On the 136th birth anniversary of Quaid-e-Azam Muhammad Ali Jinnah, the most pressing political problem seems to be that of the fate of former Federal Minister Asim Hussain, who is being defended as vigorously as he is being pursued. It is perhaps a bizarre coincidence that the case has brought together the players at the time of Partition, but it is probably appropriate.

The case of Dr Asim Hussain seems to bring into conflict the military and the politicians, with the Rangers representing the military and Dr Asim the politicians. The Rangers have accused Dr Asim of corruption, and of arranging the treatment of those injured in gang wars at his hospital in Karachi. The PPP, to which Dr Asim belongs, claims that this is political victimization, and the Rangers have overstepped their mandate by going against corruption. The Rangers operation depends on an authorization from the Sindh government, which was only recently approved by the Sindh Assembly on condition that any raids on government offices, or any preventive detention of someone suspected of financing terrorism, without the CM’s written permission. That authorization means that Dr Asim would not have been arrested, because even if the permission had been secured, Dr Asim would probably have fled abroad, like the rest of the PPP leadership. The most prominent of them is ex-President Asif Zardari, who is suspected of being on the Rangers’ hit list, and who is not just abroad because he likes it, but because he would be arrested if he returns.

To be fair, the Rangers are not supposed to be doing this because they are tools of the PML-N federal government, but because they are supposed to be doing the will of the Army. The reason is that while the Rangers are under the Interior Ministry, its officers are deputed by the Army, and thus the COAS controls its officers’ futures. Guided by its officers, the Rangers are supposed to be hounding the PPP. The argument is that Dr Asim is merely an excuse. Actually, the target is the man to whom he owed his entry into politics, which led to the Petroleum Ministry: Ex-President Zardari.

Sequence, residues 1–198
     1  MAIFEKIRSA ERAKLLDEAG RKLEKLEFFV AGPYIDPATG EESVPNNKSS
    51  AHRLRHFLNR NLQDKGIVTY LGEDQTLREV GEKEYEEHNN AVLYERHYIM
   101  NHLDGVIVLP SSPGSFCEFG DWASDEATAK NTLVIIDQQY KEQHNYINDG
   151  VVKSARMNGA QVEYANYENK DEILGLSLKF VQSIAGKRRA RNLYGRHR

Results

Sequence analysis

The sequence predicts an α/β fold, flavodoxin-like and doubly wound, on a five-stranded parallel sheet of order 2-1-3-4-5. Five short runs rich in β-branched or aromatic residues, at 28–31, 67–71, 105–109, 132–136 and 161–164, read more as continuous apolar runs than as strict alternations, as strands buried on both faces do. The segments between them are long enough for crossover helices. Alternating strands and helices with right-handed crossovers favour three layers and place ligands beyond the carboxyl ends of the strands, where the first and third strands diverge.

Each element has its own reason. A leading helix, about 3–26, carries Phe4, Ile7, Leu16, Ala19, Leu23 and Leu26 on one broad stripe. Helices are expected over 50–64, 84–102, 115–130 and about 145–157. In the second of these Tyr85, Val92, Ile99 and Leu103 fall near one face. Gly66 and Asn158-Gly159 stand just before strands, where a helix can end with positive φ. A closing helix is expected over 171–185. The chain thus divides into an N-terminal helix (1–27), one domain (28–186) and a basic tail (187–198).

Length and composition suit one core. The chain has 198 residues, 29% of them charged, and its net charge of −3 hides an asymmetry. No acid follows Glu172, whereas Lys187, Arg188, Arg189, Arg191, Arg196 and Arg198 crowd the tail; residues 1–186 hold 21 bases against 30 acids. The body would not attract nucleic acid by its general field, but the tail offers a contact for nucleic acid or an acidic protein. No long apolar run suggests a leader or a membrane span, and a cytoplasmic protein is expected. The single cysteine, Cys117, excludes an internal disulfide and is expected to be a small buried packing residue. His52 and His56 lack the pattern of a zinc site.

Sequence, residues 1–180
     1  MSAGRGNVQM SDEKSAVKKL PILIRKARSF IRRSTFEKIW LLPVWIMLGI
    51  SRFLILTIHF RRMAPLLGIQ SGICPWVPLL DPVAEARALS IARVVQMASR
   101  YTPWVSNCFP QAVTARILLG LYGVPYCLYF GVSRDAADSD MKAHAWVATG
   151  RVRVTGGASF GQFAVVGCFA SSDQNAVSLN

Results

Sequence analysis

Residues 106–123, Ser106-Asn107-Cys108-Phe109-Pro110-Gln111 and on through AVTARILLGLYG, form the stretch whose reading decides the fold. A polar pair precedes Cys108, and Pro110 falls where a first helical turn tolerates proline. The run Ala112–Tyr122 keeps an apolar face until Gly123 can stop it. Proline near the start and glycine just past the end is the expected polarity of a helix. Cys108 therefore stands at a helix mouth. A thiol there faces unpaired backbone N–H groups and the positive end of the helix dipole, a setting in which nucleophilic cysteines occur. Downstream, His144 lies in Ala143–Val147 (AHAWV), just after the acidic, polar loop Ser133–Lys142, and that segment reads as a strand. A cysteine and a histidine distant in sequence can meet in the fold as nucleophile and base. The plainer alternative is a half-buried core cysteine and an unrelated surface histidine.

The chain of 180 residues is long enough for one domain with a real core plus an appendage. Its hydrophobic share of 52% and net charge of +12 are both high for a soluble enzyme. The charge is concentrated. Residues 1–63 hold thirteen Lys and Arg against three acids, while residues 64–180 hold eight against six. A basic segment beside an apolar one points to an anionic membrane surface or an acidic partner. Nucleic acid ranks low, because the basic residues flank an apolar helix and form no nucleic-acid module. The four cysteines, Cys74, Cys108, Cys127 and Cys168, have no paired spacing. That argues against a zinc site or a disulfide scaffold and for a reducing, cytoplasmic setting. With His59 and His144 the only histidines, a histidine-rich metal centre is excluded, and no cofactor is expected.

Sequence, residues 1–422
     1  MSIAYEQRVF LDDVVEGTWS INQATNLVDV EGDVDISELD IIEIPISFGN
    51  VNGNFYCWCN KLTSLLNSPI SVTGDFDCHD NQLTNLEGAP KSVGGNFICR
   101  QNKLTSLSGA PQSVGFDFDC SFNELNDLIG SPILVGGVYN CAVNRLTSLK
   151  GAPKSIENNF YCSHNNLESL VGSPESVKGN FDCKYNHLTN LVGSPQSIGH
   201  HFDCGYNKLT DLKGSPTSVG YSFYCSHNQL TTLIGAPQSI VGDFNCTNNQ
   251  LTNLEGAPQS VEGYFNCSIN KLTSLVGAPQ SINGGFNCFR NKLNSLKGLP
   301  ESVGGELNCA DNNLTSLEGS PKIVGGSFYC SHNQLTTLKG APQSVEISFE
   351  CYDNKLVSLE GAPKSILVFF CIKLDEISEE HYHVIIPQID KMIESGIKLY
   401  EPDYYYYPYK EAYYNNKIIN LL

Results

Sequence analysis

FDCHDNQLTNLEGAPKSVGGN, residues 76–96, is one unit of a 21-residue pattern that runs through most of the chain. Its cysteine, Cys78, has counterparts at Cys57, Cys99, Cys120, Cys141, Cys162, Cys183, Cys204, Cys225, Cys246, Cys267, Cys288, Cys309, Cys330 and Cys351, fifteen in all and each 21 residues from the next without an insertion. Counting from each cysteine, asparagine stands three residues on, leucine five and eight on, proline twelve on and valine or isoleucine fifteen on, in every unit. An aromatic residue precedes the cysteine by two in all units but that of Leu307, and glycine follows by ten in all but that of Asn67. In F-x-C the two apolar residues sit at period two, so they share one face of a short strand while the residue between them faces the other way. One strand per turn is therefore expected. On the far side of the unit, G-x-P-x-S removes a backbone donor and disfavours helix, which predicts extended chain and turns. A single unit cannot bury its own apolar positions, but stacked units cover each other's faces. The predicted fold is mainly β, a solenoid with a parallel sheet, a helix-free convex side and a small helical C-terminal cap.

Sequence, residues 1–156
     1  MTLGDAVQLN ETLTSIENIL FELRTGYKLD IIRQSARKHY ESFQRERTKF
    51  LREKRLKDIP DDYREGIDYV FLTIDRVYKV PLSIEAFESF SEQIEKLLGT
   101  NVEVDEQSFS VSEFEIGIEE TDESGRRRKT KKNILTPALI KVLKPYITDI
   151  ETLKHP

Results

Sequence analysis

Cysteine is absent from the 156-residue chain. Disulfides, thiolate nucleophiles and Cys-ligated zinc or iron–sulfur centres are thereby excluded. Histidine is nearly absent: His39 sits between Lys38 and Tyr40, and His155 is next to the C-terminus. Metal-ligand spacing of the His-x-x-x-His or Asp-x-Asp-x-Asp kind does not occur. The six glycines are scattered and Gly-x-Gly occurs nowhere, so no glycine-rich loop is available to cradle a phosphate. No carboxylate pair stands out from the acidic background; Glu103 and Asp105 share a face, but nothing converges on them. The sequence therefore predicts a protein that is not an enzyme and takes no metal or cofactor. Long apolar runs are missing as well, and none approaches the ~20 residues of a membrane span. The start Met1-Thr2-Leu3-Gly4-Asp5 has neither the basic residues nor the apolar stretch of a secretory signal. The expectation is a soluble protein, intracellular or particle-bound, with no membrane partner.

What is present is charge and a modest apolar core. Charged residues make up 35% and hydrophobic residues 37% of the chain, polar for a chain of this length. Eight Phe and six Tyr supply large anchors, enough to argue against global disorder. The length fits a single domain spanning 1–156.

It should be noted that the Petroleum Ministry is supposed to be very lucrative, and Dr Asim is suspected of having turned its profitability to the advantage of President Zardari. This view is not complimentary to Ch Nisar Ali, who has assumed the Interior portfolio after holding Petroleum in the previous two Nawaz governments, or to Shahid Khaqan Abbasi, the current Minister. Ex-President Zardari has a reputation of corruption that dates back to his wife’s first tenure as Prime Minister in 1988-1990, as well as a record of being arrested on both the occasions that his wife’s government was dismissed, but he was not convicted in any case. Therefore, according to those who hold that he was innocent, Dr Asim’s arrest and his custody by Rangers was merely the latest link in that chain, and showed that the military was bent on Zardari’s arrest.

On the other hand, according to believers in his guilt, it was another example of the PPP trying to use its political clout to escape prosecution. They argue that if Dr Asim was indeed innocent, he would have nothing to fear from prosecution, so the contortions of the Sindh government indicate that he is indeed guilty. That view assumes that the courts are not fair, and capable of being manipulated.

Holders of his view point to the recent court verdict upholding the Army courts as showing that the judiciary is back to its backing of the military, a support dating back at least to the 1958 upholding of the Ayub Martial Law which was brought to an end by the decision ordering the trial of Gen (retd) Pervez Musharraf for treason for imposing Martial Law.